One of the most important interview skills is listening. Listen carefully to what is being said – as well as what is unsaid. If you think you don’t understand a question, ask for clarification. If you don’t know an answer, just say so. If you are guessing at the answer, be sure to let the interviewer know that your answer is a guess.
If the interview is a technical one or contains technical testing components, this is particularly important. It is likely that the interviewer is highly knowledgeable on the technical aspects of the interview. Bluffing will destroy your credibility.
If you don’t know an answer, just say so. However, if you think you can figure it out or know how to find out, let the interviewer know that you don’t know for sure, but here is what you think. Let the interviewer see your thought process as you work out your answer. Often how you go about problem solving is more important than whether you know the right technical answer.
Be brief and succinct but not cryptic.
Keep your answers to the point and avoid running on and on, particularly on subjects not really related to the questions. However, if the question calls for a narrative or explanations, do not hesitate in providing them.
Be positive, avoid negativity.
Follow the old adage that “if you can’t say anything nice, don’t say anything at all.” In particular avoid making negative comments (i.e. “bad mouthing”) former employers, managers, job responsibilities.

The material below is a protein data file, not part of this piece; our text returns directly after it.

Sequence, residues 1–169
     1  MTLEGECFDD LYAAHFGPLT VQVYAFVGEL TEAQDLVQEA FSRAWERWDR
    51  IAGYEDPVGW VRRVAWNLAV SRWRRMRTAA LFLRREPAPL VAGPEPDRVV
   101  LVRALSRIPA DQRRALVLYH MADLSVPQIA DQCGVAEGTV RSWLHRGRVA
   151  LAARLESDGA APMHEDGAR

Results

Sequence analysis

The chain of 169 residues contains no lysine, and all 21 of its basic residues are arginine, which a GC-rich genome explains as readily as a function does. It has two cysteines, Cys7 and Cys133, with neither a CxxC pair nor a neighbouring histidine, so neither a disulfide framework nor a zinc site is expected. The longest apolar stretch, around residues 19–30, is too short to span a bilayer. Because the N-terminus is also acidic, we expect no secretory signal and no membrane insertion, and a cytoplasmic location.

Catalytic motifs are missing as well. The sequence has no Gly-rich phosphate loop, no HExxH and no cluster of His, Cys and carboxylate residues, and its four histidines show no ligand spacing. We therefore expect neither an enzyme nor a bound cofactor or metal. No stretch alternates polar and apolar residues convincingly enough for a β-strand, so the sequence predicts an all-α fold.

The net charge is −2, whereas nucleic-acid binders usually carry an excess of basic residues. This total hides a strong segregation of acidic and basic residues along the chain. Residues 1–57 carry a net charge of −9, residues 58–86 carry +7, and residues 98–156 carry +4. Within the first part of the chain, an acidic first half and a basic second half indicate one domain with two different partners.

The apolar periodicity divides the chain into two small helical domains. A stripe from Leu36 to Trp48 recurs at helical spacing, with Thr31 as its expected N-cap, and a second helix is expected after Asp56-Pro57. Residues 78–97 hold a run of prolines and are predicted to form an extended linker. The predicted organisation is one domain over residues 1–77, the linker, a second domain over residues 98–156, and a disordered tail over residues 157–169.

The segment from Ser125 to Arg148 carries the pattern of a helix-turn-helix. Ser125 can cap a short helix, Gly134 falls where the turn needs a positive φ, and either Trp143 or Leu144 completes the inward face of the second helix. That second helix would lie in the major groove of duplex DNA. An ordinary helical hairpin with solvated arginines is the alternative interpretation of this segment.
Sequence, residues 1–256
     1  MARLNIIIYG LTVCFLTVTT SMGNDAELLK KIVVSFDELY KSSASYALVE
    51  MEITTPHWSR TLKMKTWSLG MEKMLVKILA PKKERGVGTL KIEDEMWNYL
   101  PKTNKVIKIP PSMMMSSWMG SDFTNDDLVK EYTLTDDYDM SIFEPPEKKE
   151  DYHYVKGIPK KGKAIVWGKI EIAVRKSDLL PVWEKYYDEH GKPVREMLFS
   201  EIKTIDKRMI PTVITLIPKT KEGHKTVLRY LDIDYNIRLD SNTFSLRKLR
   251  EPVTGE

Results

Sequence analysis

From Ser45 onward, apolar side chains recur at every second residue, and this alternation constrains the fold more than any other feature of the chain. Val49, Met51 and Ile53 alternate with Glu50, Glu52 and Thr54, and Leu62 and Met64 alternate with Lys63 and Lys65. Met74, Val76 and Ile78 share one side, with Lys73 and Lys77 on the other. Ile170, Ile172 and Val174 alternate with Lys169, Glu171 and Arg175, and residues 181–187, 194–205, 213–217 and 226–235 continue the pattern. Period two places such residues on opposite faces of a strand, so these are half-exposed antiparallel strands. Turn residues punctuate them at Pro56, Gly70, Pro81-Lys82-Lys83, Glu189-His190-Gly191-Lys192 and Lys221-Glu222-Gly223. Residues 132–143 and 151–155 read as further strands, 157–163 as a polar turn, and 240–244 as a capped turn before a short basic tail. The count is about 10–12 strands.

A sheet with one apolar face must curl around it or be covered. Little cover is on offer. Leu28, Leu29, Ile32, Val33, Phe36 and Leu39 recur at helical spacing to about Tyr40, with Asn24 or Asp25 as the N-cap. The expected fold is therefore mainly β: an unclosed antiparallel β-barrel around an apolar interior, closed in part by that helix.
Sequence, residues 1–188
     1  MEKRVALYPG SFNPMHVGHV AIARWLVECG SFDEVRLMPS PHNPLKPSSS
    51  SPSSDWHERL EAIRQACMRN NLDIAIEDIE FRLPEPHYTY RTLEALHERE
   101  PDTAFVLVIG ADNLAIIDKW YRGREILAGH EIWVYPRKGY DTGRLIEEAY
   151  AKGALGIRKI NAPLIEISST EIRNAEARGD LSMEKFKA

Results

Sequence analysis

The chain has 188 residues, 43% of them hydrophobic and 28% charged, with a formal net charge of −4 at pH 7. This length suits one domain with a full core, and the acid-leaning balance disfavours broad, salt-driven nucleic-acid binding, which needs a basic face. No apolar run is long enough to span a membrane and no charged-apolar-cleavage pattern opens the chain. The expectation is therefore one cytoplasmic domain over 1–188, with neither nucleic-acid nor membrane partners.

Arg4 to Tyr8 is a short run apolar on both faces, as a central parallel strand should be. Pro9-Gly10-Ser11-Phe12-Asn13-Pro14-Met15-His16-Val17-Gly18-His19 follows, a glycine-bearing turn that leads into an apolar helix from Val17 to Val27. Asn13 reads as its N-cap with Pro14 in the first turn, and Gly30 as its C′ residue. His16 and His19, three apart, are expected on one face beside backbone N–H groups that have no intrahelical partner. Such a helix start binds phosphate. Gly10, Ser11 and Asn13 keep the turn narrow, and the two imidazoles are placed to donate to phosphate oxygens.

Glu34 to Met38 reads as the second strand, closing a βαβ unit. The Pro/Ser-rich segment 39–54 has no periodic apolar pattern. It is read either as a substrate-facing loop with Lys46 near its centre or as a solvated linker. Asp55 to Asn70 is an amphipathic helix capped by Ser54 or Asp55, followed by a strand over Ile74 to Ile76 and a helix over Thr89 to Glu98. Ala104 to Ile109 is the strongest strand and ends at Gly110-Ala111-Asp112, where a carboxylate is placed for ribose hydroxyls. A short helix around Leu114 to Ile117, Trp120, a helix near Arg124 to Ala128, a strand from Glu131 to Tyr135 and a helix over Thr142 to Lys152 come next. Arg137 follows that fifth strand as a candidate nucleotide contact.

Be confident without seeming arrogant.
The dividing line is very thin. Don’t magnify the situation, restate or provide more data than is really needed, or you risk coming off as overly confident or arrogant. State the facts needed to get the point across, and then move on to the next topic.
If you want the job, make sure that you let the interviewer know you want the job.
We have done our best to describe our client’s work environment, the nature of the opportunity, and the responsibilities of the position. We have presented you to our client because we believe that you are right for the position and because we believe that it is a position that you want.
When you interview with the client, you will learn even more about the position and the environment you will be working in. If your interest in the position continues, be sure to communicate this to the interviewer.
If you are feeling enthusiastic about the job, let the interviewer see your enthusiasm.
|Avoid providing trivial reasons for wanting the position.
Some examples of “trivial” reasons would be:
|“This is close to home.”|
|“I’m tired of sitting at home doing nothing.”|
|“I thought I would give this a try.”|
|At the end of the interview:|
|a. Thank the interviewer for taking his or her time to see you.|
|b. Shake the interviewer’s hand.|
|c. Ask for a business card.|
|d. If your interest in the job continues, make sure to let the interviewer know that you are interested and that you want the job.|
|e. Don’t pretend to be excited, but if you’re feeling enthusiastic about the opportunity, let the interviewer see that enthusiasm.|
|f. As soon as you get to a computer, email a thank you note to all who interviewed you.|